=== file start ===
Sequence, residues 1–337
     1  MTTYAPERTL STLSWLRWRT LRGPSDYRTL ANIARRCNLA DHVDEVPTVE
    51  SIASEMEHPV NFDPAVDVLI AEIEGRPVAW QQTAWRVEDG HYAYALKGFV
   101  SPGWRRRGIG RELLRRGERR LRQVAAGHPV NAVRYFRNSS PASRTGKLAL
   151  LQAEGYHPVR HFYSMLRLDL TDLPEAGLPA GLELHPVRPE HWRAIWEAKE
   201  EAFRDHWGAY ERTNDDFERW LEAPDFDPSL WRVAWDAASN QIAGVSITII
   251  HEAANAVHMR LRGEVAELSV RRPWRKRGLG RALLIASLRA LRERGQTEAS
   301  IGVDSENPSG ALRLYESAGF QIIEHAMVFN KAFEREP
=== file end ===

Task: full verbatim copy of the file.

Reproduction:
Sequence, residues 1–337
     1  MTTYAPERTL STLSWLRWRT LRGPSDYRTL ANIARRCNLA DHVDEVPTVE
    51  SIASEMEHPV NFDPAVDVLI AEIEGRPVAW QQTAWRVEDG HYAYALKGFV
   101  SPGWRRRGIG RELLRRGERR LRQVAAGHPV NAVRYFRNSS PASRTGKLAL
   151  LQAEGYHPVR HFYSMLRLDL TDLPEAGLPA GLELHPVRPE HWRAIWEAKE
   201  EAFRDHWGAY ERTNDDFERW LEAPDFDPSL WRVAWDAASN QIAGVSITII
   251  HEAANAVHMR LRGEVAELSV RRPWRKRGLG RALLIASLRA LRERGQTEAS
   301  IGVDSENPSG ALRLYESAGF QIIEHAMVFN KAFEREP